San Diego Zoo: Eleven different streaming live video options, including Koalas, Polar Bears, Tigers, and Condors.
Seattle Aquarium: Live feeds of the Harbor Seal and Sea Otter enclosures.
Shedd Aquarium, Chicago: Check the Facebook page of this Lake Michigan aquarium for plenty of great footage of animals and exhibits.
Vancouver Aquarium: Live footage of the Otter enclosure from above and underwater, as well as the jellies and penguins.
Westchester Library System cardholders can access downloadable and streaming audiobooks via the following sites, as well as through Hoopla and Overdrive (please see the E-Books tab for more information). The most up-to-date information on all of these resources can be found by visiting the Westchester Library System website at this link..
What is RB Digital?
Recorded Books is the largest independent publisher of unabridged audiobooks and a key provider of digital content to the library and school market. Books and Audiobooks titles from major publishing houses are distributed along with exclusive audiobooks titles produced by Recorded Books and narrated by professional, award-winning actors. Patrons may also connect their phone or tablet to their account via the RB Digital app.
What is AudioBookCloud?
A collection of audiobooks for all ages, AudioBookCloud is provided for free through August 31 2020 without the need to log in with your library card, via TumbleBooks.
What is LibriVox?
Free audiobooks of public domain fiction and nonfiction, read by volunteers. A Westchester Library System card is not needed to listen to audiobooks via LibriVox.
The Westchester Library System subscribes to a variety of third-party online resources offering eBooks (as well as streaming audio and video). Westchester County residents who are active cardholders are entitled to access to free access to these services using their library card number and PIN.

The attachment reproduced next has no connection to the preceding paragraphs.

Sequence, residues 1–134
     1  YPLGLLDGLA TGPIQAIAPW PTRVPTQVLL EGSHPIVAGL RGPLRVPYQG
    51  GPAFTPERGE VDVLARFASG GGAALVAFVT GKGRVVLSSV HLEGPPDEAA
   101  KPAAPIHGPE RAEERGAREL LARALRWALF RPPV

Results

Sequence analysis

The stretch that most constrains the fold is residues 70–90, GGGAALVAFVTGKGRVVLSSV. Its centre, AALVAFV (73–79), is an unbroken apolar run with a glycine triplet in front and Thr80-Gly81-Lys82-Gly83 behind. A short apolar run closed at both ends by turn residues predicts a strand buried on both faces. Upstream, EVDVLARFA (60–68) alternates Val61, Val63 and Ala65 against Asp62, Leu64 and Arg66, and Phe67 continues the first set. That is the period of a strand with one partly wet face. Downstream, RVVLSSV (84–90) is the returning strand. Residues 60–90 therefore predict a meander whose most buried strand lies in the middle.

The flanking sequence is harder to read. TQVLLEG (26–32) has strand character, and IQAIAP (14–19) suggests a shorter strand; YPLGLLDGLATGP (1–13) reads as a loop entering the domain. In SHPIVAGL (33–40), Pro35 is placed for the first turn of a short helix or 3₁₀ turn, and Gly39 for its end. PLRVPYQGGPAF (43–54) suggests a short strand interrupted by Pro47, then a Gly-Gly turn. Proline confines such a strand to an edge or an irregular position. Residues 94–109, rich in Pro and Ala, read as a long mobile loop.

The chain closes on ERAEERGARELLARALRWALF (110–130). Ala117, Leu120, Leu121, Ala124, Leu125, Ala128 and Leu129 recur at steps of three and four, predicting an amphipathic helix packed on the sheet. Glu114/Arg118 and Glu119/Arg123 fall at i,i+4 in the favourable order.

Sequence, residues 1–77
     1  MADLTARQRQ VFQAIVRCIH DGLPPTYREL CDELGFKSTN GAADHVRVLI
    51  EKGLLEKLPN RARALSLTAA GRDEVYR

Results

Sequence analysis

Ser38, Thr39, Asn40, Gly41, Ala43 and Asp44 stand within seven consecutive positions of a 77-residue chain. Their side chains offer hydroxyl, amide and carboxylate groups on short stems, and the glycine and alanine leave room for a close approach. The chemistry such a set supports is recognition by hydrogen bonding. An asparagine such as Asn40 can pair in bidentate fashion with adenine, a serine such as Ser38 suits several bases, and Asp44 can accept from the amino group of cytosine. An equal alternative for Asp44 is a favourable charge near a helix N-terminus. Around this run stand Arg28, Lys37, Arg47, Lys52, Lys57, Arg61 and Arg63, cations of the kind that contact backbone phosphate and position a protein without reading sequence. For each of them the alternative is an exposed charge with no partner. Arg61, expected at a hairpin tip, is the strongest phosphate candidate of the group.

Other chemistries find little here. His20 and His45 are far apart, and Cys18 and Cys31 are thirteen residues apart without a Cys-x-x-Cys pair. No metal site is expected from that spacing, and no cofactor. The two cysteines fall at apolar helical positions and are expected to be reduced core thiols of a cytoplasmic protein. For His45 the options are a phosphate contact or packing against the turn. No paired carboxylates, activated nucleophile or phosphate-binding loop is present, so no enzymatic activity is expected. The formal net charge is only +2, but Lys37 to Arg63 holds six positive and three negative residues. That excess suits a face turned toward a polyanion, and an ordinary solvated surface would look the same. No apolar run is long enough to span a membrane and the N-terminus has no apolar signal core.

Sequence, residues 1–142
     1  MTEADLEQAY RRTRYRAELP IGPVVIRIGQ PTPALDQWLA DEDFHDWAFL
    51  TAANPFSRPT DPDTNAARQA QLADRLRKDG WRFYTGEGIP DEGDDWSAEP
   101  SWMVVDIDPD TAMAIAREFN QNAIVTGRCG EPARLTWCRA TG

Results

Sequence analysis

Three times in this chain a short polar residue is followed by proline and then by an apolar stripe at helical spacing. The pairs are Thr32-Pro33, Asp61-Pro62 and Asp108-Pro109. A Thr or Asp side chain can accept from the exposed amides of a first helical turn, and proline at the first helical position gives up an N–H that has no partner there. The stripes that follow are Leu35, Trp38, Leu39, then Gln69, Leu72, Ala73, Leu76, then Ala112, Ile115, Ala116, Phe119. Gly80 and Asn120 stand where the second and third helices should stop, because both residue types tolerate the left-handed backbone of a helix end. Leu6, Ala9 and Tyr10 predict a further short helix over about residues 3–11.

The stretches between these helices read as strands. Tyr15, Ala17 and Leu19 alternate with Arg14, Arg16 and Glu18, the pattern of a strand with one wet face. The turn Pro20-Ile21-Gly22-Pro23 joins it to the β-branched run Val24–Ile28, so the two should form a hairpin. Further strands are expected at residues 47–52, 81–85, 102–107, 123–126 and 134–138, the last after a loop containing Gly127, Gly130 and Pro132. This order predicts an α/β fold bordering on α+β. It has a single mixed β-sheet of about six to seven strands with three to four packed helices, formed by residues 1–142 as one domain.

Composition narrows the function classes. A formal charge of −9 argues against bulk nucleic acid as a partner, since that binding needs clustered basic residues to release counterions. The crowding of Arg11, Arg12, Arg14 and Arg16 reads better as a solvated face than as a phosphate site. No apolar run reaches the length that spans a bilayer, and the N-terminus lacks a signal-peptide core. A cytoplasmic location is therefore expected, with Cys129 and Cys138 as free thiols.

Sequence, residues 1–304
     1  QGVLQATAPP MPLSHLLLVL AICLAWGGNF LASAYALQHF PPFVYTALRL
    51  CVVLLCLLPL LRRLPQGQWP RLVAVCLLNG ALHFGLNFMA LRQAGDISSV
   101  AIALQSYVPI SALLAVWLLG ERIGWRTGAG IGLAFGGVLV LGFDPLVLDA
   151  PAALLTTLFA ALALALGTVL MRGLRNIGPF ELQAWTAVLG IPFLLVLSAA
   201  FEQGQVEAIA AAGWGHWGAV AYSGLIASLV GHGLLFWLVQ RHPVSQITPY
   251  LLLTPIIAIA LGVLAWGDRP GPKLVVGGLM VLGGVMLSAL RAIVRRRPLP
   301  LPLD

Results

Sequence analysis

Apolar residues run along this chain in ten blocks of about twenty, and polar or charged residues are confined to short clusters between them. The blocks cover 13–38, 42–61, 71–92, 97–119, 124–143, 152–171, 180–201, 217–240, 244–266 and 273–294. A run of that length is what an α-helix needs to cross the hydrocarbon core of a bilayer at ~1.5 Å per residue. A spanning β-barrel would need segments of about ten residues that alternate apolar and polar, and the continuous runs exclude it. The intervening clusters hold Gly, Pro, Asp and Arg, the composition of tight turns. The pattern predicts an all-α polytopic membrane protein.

Please be aware that different services may offer access to different content: a book that is not accessible on Hoopla may be available through Overdrive or Freading. The most up-to-date information on all of these resources can be found by visiting the Westchester Library System website at this link..
What is Freading?
A downloadable eBook service offered by the Westchester Library System. eBooks borrowed through Freading are compatible with Sony, Barnes & Noble Nook, and Kobo e-reader devices, as well as your Windows or Mac computer. Download the free Freading app to read via your iPad, iPhone, or Android phone or tablet. Visit this link for information on how to use Freading with a Kindle Fire e-reader.
Free Journals and Databases
Numerous online journals, article databases, and academic resources are now available for free to the general public in response to the pandemic. Expand the section below to see a complete list.
Journals and Databases
Annual Reviews (Life Sciences, Physical Sciences, Social Sciences, & Economics)
Cochrane Library (Health & Medicine)
John Libbey Eurotext (Medicine)
Ohio State University Press (General Academia)
Project MUSE (General Academia)
SAGE Publishing (COVID-19 Articles & Research)
What is Hoopla?
Hoopla has a collection of nearly half a million titles across six categories: Movies, TV, Music Albums, Audiobooks, eBooks, and Comics/Graphic novels. Unlike Overdrive, there are never any holds or waiting lists! Every item you see listed is available for you to check out.
Due to the recent library closings regarding Coronavirus concerns, the monthly maximum has been increased for Hoopla to 10 titles as of Friday, 3/13/2020.